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## PowerPoint Slideshow about 'IE 514 Production Scheduling' - claire-davis

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Contact Information

- Siggi Olafsson
- 3018 Black Engineering
- 294-8908
- olafsson@iastate.edu
- http://www.public.iastate.edu/~olafsson
- OH: MW 10:30-12:00

IE 514

Administration (Syllabus)

- Text
- Prerequisites
- Assignments
- Homework 35%
- Project 40%
- Final Exam 35%
- Computing

IE 514

What is Scheduling About?

- Applied operations research
- Models
- Algorithms
- Solution using computers
- Implement algorithms
- Draw on common databases
- Integration with other systems

IE 514

Application Areas

- Procurement and production
- Transportation and distribution
- Information processing and communications

IE 514

Manufacturing Scheduling

- Short product life-cycles
- Quick-response manufacturing
- Manufacture-to-order
- More complex operations must be scheduled in shorter amount of time with less room for errors!

IE 514

Scope of Course

- Levels of planning and scheduling
- Long-range planning (several years),
- middle-range planning (1-2 years),
- short-range planning (few months),
- scheduling (few weeks), and
- reactive scheduling (now)
- These functions are now often integrated

IE 514

Scheduling Systems

- Enterprise Resource Planning (ERP)
- Common for larger businesses
- Materials Requirement Planning (MRP)
- Very common for manufacturing companies
- Advanced Planning and Scheduling (APS)
- Most recent trend
- Considered “advanced feature” of ERP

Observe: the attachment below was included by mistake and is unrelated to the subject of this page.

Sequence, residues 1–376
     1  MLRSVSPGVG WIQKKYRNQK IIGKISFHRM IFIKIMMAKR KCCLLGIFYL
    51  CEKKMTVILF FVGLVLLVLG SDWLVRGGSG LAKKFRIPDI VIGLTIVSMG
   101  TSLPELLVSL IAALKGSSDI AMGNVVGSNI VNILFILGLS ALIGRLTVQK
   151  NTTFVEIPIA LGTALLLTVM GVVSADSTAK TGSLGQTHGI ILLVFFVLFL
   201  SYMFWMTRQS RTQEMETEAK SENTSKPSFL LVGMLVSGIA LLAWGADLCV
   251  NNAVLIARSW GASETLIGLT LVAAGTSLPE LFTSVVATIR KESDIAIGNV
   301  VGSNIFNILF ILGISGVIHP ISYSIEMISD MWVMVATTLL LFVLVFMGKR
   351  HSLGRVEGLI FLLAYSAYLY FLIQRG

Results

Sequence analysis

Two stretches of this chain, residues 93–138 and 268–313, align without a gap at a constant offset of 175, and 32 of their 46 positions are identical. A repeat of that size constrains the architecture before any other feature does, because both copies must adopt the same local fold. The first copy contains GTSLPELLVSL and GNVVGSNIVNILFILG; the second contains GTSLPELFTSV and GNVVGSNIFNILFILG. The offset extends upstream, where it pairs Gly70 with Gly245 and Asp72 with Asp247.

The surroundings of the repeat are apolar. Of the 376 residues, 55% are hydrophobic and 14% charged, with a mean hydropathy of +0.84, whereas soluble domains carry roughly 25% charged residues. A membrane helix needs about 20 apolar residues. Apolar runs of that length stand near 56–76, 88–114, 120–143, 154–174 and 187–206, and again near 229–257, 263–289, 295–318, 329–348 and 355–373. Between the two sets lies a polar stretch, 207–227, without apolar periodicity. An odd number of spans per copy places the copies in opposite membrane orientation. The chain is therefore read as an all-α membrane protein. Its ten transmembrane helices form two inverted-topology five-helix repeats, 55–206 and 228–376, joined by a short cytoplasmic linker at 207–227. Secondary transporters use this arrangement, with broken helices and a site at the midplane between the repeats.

IE 514

Scheduling Problem

- Allocate scarce resources to tasks
- Combinatorial optimization problem

Maximize profit

Subject to constraints

- Mathematical techniques and heuristics

IE 514

Our Approach

Scheduling Problem

Problem Formulation

Model

Solve with Computer Algorithms

Conclusions

IE 514

Scheduling Models

- Project scheduling
- Job shop scheduling
- Flexible assembly systems
- Lot sizing and scheduling
- Interval scheduling, reservation, timetabling
- Workforce scheduling

IE 514

General Solution Techniques

- Mathematical programming
- Linear, non-linear, and integer programming
- Enumerative methods
- Branch-and-bound
- Beam search
- Local search
- Simulated annealing/genetic algorithms/tabu search/neural networks.

IE 514

Scheduling System Design

Order

master file

Shop floor

data collection

- Databases
- Schedule generation
- User interfaces

Database Management

Automatic Schedule Generator

Performance

Evaluation

Schedule Editor

Graphical Interface

User

IE 514

LEKIN

- On disk with book
- Generic job shop scheduling system
- User friendly windows environment
- C++ object oriented design
- Can add own routines

IE 514

Advanced Topics

- Uncertainty, robustness, and reactive scheduling
- Multiple objectives
- Internet scheduling

IE 514

Modeling

- Three components to any model:
- Decision variables
- This is what we can change to affect the system, that is, the variables we can decide upon
- Objective function
- E.g, cost to be minimized, quality measure to be maximized
- Constraints
- Which values the decision variables can be set to

IE 514

Decision “Variables”

- Three basic types of solutions:
- A sequence: a permutation of the jobs
- A schedule: allocation of the jobs in a more complicated setting of the environment
- A scheduling policy: determines the next job given the current state of the system

IE 514

Model Characteristics

- Multiple factors:
- Number of machine and resources,
- configuration and layout,
- level of automation, etc.
- Our terminology:

Resource = machine (m)

Entity requiring the resource = job (n)

IE 514

Notation

- Static data:
- Processing time (pij)
- Release date (rj)
- Due date (dj)